BY | March 6, 2012

Ivy Bridge is Intel’s third-gen microprocessor technology for computers and other devices. It succeeds the current second-gen Sandy Bridge CPUs. Ivy Bridge stands for the chipmaker’s 22 nm die shrink of the Sandy Bridge microarchitecture. The processor is based on tri-gate (3D) transistors and is backwards-compatible to the present Sandy Bridge. Intel, for the first time, talked about its Ivy Bridge chips in the third quarter of 2011. It was then slated for an official launch in April this year. But, as per current reports, Ivy Bridge is only to find light in June. It seems that Intel has to sell out surplus inventory of Sandy Bridge chips before availing Ivy Bridge chips for grabs. Here is all you should know of Intel’s upcoming Ivy Bridge processors.

Increased performance
When compared with the Sandy Bridge, Ivy Bridge will offer up to 20 percent increase in CPU performance. In integrated GPU performance, it can add to 30 to 100 percent increase, Intel claims. Well, the new Intel processor technology will add more power to your computers. But, it should be seen whether computer sales will come back to the previous performance with the fast processors.

Tri-gate transistor technology
Ivy Bridge is to advance with the much-touted tri-gate transistor technology. Along with increasing performance, the technology will only consume 50 percent less energy with the same performance of 2-D planar transistors. This is what the major advantage of the new Intel microprocessor chips.

PCI Express 3.0
Ivy Bridge supports the third version of PCI Express data transfer method. PCI-SIG announced the revision 3.0 of PCI Express in November 2010. The new standard can carry a bit rate of 8 gigatransfers per second. Moreover, it is backwards-compatible with current PCIe setups. The new PCI Express 3.0 realizes new features such as clock data recovery, channel improvements for currently supported topologies and much more.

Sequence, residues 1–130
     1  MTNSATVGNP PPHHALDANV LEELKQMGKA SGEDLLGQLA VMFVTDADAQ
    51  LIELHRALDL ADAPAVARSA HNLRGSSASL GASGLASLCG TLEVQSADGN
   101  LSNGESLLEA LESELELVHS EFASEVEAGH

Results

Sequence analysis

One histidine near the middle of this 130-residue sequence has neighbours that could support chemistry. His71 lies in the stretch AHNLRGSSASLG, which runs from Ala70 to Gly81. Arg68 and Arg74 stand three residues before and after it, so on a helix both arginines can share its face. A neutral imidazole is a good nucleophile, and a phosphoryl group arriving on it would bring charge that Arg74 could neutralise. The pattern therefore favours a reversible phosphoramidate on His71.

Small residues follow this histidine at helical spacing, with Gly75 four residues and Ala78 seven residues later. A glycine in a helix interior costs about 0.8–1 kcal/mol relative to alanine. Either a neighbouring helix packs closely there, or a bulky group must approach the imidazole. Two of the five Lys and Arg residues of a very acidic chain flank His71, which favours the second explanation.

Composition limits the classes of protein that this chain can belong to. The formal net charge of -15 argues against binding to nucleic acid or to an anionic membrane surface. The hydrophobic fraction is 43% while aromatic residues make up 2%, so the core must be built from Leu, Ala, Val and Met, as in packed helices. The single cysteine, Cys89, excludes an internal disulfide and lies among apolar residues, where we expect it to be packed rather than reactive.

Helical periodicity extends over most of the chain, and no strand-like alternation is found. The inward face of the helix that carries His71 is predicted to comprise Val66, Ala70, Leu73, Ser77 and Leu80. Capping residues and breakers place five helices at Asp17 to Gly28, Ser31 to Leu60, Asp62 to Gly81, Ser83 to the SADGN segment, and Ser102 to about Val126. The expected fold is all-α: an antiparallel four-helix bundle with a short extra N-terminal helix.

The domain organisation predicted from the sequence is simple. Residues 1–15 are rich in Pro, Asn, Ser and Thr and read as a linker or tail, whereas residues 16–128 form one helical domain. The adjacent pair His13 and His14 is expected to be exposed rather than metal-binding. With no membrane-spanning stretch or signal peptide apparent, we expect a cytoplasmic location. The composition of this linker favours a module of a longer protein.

More RAM support
It is, of course, a natural advancement. More improved Ivy Bridge processor supports better RAM. It may go up to 2800MT/s in 200MHz increments, Intel says. Ivy Bridge CPU and enhanced RAM will ensure seamless performance for our computers in a few months.

More graphical support
Graphical support of computers will shoot up with Intel Ivy Bridge, which extends support for Intel HD Graphics with DirectX 11, OpenCL 1.1 and OpenGL 3.1. Gaming and watching HD and 3D movies will be a more rich experience on computers powered by Ivy Bridge chips.

4K video playback
Ivy Bridge will support 4K video. 4K is an emerging standard for video resolution in digital film graphics. Different from the current vertical pixel counting, 4K counts horizontal resolution and so 4K means around 4,000 pixels. 4K videos are available from various sources including YouTube that allowed 4K videos in July, 2010.

Ivy Bridge will reduce costs of Sandy Bridge Ultrabooks
Analysts think that the official arrival of Ivy Bridge processors will bring down the prices of Sandy Bridge-powered Ultrabooks. All currently available Ultrabooks run on Intel’s Sandy Bridge processors. Hence, the price reduction will help many more people enjoy high performance and comfortable computing. According to DigiTimes, prices of present Ultrabooks would fall by 20 percent to 30 percent with the Ivy Bridge.

Ultrabooks announced with Ivy Bridge
At the Consumer Electronics Show 2012, some computer makers announced their future Ultrabooks with Intel Ivy Bridge processors. Lenovo IdeaPad Yoga, which is set for a Q3 release, is one of them. More Ultrabooks will soon come out of cover as Intel launches the processor.

What others say?
Patrick Moorhead of Forbes says,

“Intel will productize Ivy Bridge into specific desktops, notebooks, server and embedded designs through derivatives with different power, frequency, feature and manufacturing packages like they did with the previous “Sandy Bridge”- based designs.”

Jared Newman of PCWorld comments,

“With Ivy Bridge, Intel will shrink its chip microarchitecture to a 22-nanometer process, using 3D transistors. Compared to the existing 32-nanometer process for Sandy Bridge microprocessors, Intel claims that the smaller die size allows for either double the power efficiency or double the performance. For the next generation of Ultrabooks, you can expect big battery life gains to result.”

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